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Salt Concentrations and Extremely Polar Small Solutes:
To obtain sharp, symmetrical peaks in HILIC for small polar solutes, the above salt levels are required in the mobile phase:
a) 10-15 mM: Typical polar solute, such as a neutral amino acid.
b) 40 mM: Solutes with a higher charge-to-mass ratio, such as
c) > 120 mM: Solutes with an extremely high charge, such as
ATP or aminoglycoside antibiotics.
Fortunately, ESI-MS can tolerate up to 400 mM ammonium acetate in the mobile phase.
A plausible explanation is that the retention of highly-charged solutes is strongly influenced by the polarity of their counterions. A high concentration of salt insures that all the charged groups have the same counterions. If this is not the case, then the peak can be skewed. In an extreme case, two well-separated peaks can be obtained for a single pure solute, corresponding to the same solute with different counterions, with a continuum between them corresponding to molecules that exchanged their original counterions for those in the mobile phase during their migration through the column. This rate of exchange is slow on the time scale of HPLC if the salt level in the mobile phase is too low.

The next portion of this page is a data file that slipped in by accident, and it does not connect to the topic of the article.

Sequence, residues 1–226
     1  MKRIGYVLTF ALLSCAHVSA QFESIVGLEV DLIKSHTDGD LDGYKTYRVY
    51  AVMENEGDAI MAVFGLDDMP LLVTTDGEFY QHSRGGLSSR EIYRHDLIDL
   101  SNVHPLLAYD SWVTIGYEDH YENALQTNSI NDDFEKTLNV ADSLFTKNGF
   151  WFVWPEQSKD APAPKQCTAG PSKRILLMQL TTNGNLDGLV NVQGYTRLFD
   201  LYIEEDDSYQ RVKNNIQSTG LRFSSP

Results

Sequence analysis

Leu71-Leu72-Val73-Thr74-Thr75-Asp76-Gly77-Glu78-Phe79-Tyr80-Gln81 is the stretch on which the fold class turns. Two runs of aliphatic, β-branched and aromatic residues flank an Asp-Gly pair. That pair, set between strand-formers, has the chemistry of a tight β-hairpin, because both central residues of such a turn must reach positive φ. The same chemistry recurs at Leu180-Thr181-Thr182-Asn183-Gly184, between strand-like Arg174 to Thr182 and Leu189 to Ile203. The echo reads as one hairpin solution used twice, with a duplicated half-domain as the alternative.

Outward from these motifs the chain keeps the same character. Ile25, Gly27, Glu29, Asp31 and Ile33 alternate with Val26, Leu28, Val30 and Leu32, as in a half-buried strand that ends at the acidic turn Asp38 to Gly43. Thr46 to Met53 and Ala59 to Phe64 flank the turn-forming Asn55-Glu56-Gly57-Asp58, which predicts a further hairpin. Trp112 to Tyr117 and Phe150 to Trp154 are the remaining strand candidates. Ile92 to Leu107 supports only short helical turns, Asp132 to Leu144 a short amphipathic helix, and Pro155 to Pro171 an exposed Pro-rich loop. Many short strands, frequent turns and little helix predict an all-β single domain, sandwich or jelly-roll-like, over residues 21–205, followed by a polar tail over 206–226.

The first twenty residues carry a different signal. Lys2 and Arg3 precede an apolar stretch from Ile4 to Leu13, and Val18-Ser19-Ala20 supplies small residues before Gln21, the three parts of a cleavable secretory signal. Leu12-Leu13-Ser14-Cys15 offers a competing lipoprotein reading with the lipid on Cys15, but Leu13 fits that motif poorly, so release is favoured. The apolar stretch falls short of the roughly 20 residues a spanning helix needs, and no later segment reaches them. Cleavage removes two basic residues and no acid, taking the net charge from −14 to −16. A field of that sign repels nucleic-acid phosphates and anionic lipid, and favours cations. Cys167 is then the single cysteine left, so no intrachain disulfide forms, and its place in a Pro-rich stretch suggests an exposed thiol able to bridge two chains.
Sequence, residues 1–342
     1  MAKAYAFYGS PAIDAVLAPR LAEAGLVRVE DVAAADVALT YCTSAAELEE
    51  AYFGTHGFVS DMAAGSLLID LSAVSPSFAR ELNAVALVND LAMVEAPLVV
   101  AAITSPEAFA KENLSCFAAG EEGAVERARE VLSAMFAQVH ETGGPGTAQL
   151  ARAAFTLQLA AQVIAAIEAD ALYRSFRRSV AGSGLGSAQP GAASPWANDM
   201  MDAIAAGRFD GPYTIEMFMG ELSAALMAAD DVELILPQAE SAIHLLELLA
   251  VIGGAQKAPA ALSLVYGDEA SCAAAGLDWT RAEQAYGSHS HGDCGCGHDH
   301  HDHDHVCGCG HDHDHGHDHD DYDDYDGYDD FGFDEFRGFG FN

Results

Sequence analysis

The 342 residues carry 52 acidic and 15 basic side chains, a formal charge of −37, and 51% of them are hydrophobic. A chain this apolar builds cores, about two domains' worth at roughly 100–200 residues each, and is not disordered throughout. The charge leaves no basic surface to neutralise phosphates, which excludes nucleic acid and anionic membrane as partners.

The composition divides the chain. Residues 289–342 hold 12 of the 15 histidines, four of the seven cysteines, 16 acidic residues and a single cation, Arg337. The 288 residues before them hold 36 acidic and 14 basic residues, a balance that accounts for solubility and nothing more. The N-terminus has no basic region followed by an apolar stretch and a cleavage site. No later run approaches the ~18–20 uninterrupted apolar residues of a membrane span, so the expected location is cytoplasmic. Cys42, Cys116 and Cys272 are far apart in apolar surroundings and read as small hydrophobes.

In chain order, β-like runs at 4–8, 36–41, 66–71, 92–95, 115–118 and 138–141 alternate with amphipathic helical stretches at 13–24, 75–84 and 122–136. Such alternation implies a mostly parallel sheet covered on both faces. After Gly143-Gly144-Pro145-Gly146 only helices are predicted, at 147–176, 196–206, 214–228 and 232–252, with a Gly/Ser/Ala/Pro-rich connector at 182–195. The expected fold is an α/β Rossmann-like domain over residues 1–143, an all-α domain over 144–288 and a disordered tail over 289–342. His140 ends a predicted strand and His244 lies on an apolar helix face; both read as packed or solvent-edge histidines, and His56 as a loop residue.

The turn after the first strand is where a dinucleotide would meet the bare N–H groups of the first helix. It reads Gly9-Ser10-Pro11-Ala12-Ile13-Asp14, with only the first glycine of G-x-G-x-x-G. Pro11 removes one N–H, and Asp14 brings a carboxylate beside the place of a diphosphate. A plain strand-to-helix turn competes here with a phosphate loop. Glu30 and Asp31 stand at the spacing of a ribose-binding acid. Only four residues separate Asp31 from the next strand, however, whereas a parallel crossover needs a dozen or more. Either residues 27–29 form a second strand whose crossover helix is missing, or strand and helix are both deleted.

Normally, HILIC of small solutes is best done with a column with a high surface area; typically, 60- or 100-Å pore diameter. However, with extremely polar solutes such asaminoglycoside antibiotics, use of a 1000-Å material with a low surface area facilitates elution using convenient mobile phases, as in the above example:
Column Name : PolyHYDROXYETHYL A™ Columns